Liana Satenstein: To Steff’s point: this story we did about the photographer photographing people’s masks in Brooklyn, it makes sense to wear one that has personality and is self-expression and feels positive. It’s more welcoming even if you can’t see a person’s emotions. I think doing it yourself is fine. But we have to ask ourselves the question: how are they made? What are the conditions of their manufacture (in general and during COVID?).
Emilie Farra: Okay, I think Steff’s point was more about the slippery slope of the masks becoming the new status symbol i.e. designer masks or logo masks (at Liana’s point) not just l idea that the masks are cute.
Steff Yotka: OK. I asked for a special cast when I broke my wrist! (All black of course.) Self-expression is so important to mental health and self-esteem – and we need it so much right now. But I think a flex shows a designer mask as a status symbol or a luxury item.
Chioma Nnadi: I guess that doesn’t offend me as much as the lack of a mask.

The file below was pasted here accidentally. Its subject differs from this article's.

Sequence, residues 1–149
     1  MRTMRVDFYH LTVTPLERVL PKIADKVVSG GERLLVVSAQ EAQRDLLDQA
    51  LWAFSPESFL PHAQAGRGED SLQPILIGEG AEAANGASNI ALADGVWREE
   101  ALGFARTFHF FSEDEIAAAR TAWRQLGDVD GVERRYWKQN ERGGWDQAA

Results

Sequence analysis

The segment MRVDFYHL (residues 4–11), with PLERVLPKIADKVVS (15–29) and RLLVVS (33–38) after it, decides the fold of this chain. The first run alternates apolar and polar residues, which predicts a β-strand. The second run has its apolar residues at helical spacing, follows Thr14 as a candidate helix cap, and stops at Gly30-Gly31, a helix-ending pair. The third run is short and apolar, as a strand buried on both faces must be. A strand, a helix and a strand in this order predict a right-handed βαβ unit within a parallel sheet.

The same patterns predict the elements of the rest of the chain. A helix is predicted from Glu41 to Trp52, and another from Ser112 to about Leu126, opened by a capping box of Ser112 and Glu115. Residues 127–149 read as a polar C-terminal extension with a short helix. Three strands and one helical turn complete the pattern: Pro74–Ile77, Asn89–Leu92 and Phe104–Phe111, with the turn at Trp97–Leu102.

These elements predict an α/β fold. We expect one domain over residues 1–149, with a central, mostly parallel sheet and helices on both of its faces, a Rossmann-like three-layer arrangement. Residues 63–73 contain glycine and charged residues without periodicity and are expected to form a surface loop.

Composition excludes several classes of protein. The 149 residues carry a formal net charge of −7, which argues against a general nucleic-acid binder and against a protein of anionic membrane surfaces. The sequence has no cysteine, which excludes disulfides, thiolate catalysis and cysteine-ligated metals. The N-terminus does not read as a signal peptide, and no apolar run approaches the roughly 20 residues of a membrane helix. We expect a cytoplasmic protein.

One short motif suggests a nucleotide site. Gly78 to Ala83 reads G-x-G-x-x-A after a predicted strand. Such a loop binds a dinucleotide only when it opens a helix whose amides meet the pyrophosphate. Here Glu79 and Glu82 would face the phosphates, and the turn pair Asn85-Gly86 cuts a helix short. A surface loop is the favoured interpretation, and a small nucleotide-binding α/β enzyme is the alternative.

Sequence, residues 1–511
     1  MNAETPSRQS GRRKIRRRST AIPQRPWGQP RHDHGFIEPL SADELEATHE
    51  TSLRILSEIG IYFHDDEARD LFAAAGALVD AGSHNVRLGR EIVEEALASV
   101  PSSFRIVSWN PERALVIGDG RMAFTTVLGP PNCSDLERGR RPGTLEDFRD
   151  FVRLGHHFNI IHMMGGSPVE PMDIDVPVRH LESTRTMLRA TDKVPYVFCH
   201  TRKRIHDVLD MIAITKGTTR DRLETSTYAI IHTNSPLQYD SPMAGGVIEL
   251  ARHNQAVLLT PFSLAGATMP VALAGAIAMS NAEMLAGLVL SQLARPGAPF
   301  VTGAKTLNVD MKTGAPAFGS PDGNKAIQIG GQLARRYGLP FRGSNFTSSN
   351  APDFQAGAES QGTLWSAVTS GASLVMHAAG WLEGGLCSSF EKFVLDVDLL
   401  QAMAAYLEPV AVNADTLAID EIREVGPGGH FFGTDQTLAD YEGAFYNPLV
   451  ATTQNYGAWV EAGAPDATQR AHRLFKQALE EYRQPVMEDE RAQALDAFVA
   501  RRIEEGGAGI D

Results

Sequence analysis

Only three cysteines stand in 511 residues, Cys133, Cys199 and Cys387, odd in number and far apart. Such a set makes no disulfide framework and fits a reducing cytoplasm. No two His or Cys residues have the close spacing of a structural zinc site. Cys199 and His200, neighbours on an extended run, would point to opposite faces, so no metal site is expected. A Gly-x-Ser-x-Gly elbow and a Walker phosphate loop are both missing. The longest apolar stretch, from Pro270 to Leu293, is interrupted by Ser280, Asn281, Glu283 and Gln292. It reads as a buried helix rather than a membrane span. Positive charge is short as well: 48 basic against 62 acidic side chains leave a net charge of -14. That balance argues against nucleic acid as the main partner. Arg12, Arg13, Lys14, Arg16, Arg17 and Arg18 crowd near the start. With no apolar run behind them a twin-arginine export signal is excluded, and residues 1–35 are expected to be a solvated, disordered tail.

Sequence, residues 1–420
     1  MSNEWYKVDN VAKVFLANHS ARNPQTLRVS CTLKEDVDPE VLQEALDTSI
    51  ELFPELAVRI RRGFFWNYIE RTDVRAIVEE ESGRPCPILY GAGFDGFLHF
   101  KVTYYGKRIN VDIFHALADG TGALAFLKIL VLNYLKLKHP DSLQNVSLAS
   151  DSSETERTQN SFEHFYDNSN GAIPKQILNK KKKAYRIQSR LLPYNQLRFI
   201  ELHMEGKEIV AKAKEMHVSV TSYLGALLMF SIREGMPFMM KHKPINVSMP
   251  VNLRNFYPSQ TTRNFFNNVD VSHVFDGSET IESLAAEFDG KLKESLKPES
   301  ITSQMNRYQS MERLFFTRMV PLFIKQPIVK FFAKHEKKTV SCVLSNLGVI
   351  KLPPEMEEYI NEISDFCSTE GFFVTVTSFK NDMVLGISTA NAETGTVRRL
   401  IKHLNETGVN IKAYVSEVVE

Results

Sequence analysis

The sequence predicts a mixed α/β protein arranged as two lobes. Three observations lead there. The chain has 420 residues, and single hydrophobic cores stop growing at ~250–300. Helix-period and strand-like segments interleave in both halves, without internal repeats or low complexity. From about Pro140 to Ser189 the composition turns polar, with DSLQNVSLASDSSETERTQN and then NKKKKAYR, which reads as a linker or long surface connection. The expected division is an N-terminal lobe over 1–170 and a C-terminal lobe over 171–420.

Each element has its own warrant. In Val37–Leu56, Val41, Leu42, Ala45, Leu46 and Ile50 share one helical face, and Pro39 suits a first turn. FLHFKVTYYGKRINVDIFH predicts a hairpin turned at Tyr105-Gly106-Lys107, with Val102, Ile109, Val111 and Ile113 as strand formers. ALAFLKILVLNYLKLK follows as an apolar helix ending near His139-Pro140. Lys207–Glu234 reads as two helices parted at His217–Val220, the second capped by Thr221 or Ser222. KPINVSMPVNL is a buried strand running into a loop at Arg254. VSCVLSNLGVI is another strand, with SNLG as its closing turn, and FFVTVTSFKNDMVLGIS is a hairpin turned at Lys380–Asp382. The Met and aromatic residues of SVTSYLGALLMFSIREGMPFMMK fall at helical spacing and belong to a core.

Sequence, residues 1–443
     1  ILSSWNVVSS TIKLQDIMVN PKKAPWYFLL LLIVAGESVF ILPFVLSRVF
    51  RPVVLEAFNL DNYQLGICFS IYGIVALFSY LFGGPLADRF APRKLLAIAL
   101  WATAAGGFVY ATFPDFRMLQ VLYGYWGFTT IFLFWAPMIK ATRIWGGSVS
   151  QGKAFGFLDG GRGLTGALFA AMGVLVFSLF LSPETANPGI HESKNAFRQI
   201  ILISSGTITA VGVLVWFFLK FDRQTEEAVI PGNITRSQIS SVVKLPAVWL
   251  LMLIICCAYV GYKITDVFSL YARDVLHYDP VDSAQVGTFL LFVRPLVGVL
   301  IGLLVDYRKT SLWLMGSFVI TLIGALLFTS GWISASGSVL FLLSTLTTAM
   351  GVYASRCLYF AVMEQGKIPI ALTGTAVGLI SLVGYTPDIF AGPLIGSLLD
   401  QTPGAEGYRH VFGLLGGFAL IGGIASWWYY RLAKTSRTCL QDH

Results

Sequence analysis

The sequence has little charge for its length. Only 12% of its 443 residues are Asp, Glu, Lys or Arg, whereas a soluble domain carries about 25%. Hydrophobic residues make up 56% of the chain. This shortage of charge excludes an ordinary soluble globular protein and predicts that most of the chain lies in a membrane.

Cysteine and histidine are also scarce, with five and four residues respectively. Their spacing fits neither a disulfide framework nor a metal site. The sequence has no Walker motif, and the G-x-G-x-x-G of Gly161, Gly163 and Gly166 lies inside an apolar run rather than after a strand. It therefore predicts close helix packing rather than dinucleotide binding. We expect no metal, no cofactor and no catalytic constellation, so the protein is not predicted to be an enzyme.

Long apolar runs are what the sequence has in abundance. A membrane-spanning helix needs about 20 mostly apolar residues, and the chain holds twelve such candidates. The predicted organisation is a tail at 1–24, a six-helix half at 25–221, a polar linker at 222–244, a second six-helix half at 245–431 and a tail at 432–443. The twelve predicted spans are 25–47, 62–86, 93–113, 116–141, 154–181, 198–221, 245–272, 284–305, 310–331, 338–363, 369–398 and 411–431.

Steff Yotka: No mask is the ultimate worst. Even though the commodification and capitalization of a health item seems like murky ethical territory to me, I would still support a supreme mask as it takes you away from that supreme coffin.
Sarah Spellings: But to get to Liana’s point, there have been reports of sweatshop-made PPE, which is rampant in the fashion industry at all levels, but looks particularly bad for PPE.
Emilie Farra: Yes, I also thought about making these masks! On the one hand, many of these factories have suffered massive order cancellations, so new mask orders could help people stay employed. But I think that the fact that these masks are functional and necessary has led people to buy them quickly, perhaps without thinking of what they are made of or who made them as we would with a “fashion buy” typical.
If masks are to be our new accessory (which it certainly seems to be), we have to treat them like any other fashion purchase – something we want to wear, made by a company we want to support. It’s the same conversation as conscious / conscious consumption.
Rickie De Sole: It’s a rare time when everyone in America is focused on one singular element – it’s only natural that we all accept it differently. But in the end, wear a mask!